The Big Bang: Stock Market Capitalization in the Long Run (with Kaspar Zimmermann)
Journal of Financial Economics, 2022, Vol. 145 (2), pp. 527-552
[Paper + appendix] [Data: Excel; Stata (zipped)] [Replication Files] [Working paper version]
Media: Promarket, MarketWatch, VoxEU
We document a structural break in the long-run evolution of stock market growth across 17 advanced economies. Between 1870 and the 1980s, market growth was driven by equity issuances and broadly tracked that of GDP. After the 1980s, stock markets grew much faster than GDP, driven by higher stock prices and rising listed firm profit shares.
The Rate of Return on Everything, 1870 – 2015 (with Òscar Jordà, Katharina Knoll, Moritz Schularick, and Alan M. Taylor)
Quarterly Journal of Economics, 2019, Vol. 134 (3), pp. 1225–1298
[Data] [Replication Files]
Media: Economist, Financial Times, FT Alphaville, Bloomberg View, Quartz, Washington Post, FAZ, VoxEU
We use new long-run data to document the rates of return on four major asset classes – equity, housing, bonds, and bills – in 16 advanced economies, and study their statistical properties.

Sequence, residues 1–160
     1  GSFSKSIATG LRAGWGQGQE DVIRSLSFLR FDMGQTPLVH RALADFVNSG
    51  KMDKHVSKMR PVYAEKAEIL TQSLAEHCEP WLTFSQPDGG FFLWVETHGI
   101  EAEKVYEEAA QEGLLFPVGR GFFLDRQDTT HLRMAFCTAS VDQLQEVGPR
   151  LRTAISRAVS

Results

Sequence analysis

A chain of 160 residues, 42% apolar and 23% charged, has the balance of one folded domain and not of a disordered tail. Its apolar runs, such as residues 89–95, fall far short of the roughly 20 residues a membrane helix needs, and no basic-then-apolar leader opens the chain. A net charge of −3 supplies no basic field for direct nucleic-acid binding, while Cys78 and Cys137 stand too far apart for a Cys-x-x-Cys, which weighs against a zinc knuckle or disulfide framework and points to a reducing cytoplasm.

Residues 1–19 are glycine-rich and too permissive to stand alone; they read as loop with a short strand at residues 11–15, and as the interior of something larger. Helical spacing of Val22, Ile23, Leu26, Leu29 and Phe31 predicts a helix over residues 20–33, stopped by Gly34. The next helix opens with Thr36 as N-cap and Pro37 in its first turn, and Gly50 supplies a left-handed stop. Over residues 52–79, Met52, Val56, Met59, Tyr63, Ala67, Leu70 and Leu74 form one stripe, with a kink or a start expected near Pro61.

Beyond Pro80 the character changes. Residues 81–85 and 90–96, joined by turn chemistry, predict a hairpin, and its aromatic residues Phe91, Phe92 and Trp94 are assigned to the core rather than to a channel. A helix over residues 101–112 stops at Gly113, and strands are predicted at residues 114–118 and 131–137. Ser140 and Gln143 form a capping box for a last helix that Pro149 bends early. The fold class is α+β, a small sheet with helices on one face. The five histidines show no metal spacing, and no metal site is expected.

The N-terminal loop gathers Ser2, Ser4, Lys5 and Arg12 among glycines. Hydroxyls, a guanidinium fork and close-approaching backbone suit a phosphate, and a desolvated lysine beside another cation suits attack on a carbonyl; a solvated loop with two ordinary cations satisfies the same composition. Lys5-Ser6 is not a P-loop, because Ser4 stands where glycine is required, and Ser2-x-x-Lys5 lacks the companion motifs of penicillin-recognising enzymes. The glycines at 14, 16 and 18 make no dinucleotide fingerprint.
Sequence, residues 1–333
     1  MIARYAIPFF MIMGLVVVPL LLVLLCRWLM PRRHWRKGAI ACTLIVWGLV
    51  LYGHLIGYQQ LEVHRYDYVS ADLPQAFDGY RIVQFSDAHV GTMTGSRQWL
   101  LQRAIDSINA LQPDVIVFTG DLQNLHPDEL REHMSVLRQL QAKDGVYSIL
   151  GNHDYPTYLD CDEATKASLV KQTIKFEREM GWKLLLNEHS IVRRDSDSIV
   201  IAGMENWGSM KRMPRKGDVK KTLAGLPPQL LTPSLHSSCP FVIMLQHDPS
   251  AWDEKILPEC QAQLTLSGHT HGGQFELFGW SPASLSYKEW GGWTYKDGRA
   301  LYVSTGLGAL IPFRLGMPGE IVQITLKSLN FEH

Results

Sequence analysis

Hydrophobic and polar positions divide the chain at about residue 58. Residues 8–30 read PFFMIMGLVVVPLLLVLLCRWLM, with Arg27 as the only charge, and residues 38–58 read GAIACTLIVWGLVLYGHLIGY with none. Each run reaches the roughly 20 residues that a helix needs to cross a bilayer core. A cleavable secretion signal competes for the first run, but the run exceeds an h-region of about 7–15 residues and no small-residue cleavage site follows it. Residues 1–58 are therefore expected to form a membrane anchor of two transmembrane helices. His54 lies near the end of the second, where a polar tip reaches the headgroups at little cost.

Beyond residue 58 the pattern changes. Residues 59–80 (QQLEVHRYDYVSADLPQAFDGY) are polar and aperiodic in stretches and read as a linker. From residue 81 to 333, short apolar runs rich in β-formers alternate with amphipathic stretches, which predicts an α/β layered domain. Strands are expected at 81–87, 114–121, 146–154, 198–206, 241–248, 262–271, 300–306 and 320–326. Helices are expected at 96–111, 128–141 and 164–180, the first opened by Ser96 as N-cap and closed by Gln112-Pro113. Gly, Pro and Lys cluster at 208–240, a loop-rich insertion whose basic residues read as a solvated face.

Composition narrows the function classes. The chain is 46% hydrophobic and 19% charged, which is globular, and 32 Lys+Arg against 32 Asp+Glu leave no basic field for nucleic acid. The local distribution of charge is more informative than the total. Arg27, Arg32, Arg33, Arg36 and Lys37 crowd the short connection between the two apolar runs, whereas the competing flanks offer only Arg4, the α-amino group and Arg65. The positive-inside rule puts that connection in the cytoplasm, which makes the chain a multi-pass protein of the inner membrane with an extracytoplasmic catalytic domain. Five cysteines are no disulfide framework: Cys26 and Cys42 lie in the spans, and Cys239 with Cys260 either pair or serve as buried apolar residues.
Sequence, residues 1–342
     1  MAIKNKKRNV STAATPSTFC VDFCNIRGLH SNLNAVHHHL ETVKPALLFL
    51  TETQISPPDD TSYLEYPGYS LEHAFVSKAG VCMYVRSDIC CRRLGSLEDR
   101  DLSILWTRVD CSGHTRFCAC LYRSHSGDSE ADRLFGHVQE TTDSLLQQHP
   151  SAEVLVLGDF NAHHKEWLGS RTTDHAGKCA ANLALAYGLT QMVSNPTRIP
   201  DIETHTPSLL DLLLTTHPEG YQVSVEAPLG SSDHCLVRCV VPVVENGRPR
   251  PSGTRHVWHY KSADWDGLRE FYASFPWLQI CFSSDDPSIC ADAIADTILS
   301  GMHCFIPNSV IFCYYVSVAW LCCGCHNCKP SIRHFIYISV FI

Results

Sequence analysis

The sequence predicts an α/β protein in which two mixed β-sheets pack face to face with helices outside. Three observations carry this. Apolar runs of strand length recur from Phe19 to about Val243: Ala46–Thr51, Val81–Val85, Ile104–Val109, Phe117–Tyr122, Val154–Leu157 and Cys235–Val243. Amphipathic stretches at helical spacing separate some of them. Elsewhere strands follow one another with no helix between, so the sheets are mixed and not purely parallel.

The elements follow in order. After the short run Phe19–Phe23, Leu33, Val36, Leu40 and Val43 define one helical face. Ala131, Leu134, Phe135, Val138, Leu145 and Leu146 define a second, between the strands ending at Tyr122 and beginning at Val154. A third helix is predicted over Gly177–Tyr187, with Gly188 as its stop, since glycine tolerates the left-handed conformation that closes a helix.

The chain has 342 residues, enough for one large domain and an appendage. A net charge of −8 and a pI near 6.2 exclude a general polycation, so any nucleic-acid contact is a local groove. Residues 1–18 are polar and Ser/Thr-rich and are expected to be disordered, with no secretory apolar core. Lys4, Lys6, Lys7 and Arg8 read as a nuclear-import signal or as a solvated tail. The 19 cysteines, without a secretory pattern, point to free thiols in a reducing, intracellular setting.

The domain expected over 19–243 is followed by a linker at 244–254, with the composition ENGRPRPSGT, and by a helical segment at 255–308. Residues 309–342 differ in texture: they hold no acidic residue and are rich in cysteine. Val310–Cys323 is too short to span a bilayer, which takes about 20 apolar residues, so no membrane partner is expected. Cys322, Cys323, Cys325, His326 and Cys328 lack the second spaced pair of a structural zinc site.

Sovereigns Going Bust: Estimating the Cost of Default (with Kaspar Zimmermann)
European Economic Review, 2019, Vol. 119, pp. 1-21
[Default Dataset] [Replication Files]
We apply a novel econometric method to estimate the cost of sovereign default and study its drivers. We find that defaults are costly, and provide evidence linking these costs to trade frictions and sovereign-banking spillovers.
We study deleveraging in a theoretical model of a currency union. We find that at the zero lower bound, deflationary spillovers across union members accentuate deleveraging costs and hinder within-union relative price adjustment.